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The Haley Branch Blurb Take 2

The Hamlet Symphny - Alt Image

A few weeks ago I posted a couple of draft blurbs for The Halley Branch.  Since then, I have sat on them, not trying to think of them at all.  This weekend I decided to have another go at the blurb.  Here is what I came up with:

An evil 300 years in the making.  A trap set 150 years in the past.

The day should have been a normal “family day” at the Hawkins’ Mausoleum, but a premonition followed Trevor into the crypt. To make matters worse, he couldn’t shake his morning vision of dead woman draped in a funeral-shroud.

After rescuing a girl trapped in the tomb, repressed memories force him to reevaluate everything. Is his extended family a cult with roots going back to America’s colonial past?  Is the evil Benjamin Halley still stalking his tomb after 150 years? Is there any truth to the Power described by the family’s patriarch, Miles Hawkins?

Trevor realizes that he is being manipulated and drawn into a trap set in the 19th century, and fears that everyone around him has already been ensnared.  Who can he trust?  The members of his own family’s Branch, The Bradford’s, like his cousins Bill or Stan?  Perhaps members of the Hawkins Branch, such as the beautiful but jaded Amelie?  The one Branch he knows not to trust is the extinct Halley Branch.

But the Halley’s are the ones who are welcoming him with open, if dead, arms. Continue reading

What Was That? – Something I Saw

I was walking the dogs late Friday evening.  This is a small residential area on the shore of Swan Pond and, though we were walking after dark, it was well lit.  The walk goes around a short loop, with the total walk being a little less than a half of a mile, maybe closer to a third.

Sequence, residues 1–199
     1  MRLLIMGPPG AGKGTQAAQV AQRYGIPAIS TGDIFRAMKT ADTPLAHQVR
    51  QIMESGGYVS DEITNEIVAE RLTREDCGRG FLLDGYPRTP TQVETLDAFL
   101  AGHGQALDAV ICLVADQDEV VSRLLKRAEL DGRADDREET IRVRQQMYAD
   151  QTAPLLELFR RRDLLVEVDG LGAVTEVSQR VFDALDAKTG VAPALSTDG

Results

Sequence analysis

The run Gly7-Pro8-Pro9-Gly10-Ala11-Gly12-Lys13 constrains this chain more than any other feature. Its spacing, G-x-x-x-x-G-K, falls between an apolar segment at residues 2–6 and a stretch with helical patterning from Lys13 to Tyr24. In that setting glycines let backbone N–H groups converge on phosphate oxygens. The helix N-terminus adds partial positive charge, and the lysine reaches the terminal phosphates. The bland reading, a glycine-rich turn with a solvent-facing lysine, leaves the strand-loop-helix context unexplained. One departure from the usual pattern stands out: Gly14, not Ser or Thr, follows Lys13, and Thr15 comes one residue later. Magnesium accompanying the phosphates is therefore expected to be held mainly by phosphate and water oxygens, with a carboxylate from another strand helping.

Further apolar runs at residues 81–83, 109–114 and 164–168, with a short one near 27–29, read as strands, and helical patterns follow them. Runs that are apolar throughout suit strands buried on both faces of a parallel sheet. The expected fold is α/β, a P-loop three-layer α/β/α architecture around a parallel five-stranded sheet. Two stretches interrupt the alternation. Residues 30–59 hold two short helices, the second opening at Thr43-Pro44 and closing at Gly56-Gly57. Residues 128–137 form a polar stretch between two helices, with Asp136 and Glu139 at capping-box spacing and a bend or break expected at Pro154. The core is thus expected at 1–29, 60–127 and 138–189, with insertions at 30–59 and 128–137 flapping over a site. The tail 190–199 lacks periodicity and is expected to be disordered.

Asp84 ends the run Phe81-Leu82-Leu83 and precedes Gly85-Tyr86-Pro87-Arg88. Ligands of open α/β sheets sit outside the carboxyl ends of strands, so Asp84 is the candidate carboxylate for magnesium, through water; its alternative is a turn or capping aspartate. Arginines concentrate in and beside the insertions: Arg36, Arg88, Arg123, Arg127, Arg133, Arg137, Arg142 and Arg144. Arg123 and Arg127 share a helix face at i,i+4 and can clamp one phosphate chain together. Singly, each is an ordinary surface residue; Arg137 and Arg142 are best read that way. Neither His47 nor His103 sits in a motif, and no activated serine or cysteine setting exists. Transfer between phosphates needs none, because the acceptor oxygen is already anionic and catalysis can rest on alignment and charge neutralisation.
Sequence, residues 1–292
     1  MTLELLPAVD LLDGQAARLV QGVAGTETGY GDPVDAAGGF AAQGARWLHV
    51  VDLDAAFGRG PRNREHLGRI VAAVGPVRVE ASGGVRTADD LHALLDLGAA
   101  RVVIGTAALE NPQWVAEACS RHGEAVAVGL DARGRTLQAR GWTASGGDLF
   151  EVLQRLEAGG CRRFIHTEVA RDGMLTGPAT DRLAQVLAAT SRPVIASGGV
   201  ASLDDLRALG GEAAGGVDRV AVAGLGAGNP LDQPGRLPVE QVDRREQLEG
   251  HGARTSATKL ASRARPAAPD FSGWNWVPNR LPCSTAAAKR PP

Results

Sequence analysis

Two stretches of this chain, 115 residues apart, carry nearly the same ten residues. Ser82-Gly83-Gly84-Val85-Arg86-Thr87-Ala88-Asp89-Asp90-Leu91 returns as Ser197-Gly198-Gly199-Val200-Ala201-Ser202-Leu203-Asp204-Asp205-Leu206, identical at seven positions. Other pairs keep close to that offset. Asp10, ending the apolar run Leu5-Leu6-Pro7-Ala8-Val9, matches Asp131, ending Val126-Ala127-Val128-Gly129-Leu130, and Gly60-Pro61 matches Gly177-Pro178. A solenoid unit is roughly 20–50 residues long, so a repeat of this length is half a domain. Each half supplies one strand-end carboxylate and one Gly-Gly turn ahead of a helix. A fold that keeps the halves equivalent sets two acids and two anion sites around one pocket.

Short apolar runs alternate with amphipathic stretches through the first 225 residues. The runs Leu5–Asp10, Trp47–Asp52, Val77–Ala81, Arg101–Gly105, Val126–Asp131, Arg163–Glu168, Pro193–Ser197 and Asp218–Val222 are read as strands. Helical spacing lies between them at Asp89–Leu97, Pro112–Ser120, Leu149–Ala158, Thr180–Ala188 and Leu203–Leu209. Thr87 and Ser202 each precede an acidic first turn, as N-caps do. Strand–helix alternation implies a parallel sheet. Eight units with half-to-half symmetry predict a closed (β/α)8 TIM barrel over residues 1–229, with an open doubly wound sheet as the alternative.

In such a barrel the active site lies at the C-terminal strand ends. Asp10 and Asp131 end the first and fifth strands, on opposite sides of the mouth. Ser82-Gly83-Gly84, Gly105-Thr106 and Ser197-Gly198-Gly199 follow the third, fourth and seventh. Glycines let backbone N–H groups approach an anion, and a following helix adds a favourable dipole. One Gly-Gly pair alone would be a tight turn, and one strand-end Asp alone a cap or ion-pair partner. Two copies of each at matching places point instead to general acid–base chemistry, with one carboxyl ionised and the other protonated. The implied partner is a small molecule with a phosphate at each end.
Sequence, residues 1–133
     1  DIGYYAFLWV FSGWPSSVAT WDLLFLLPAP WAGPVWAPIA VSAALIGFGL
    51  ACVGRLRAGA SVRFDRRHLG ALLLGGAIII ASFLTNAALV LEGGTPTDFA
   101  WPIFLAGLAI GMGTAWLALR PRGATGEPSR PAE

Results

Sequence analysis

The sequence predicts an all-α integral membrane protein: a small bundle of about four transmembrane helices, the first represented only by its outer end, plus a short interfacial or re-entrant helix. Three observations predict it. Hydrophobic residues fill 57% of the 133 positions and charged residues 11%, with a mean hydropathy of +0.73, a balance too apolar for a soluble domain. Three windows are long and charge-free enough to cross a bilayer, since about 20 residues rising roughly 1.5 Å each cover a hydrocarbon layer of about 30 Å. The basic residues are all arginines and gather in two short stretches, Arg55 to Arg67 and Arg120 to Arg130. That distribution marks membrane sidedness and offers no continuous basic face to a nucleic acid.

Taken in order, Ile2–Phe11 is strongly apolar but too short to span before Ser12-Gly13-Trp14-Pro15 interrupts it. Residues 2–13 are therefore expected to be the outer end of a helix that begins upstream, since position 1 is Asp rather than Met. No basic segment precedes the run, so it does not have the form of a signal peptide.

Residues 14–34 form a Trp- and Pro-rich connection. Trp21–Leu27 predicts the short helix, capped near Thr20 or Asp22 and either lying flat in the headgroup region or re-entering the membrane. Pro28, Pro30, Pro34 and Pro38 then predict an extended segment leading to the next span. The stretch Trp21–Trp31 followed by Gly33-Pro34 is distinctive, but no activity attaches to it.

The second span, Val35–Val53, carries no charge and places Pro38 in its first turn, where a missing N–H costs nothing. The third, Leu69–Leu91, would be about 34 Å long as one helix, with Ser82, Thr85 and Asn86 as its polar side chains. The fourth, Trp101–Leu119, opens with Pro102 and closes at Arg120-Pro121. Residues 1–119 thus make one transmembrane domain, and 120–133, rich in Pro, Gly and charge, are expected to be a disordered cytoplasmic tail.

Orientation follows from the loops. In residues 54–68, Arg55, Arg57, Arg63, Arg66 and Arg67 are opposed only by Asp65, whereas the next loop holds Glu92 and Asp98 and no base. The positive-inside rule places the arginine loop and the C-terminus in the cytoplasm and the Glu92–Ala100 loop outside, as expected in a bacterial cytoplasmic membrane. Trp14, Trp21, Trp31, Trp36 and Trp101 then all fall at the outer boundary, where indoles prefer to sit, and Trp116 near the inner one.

At one point on the walk, the street we were walking on dead ends at a T-intersection.  There is a totally empty lot (no house) on the corner and it is wooded behind the houses across the street from the “vertical” of the “T”, along the “straight”.

Idiana was sniffing around some bushes on the open lot, when Firyeo suddenly pulled like he wanted to chase something.  He stopped and watched, knowing he couldn’t catch whatever it was.  I looked up as soon as I felt the pull.  I saw something white at the edge of the road across from us, but it was moving very rapidly.  It disappeared behind the houses into the woods in less than a second.  Far less than a second – it was like a flash.  I did not hear or see it cross the road, but from Fiyero’s reaction and the position I first saw it, it had to have crossed the road.

What was it?

My first impulse was that it was a white plastic bag blowing in the wind.  A few problems, though.  yes, it was windy, very windy, but I could feel very little where we were.  Also, the roofs were not being ripped off of the houses.  If a bag was traveling that fast, I would expect there to be some wind damage.

It was too fast and too high up to be a rabbit.  Also, rabbits usually run in short spurts and then hide, not for long distances.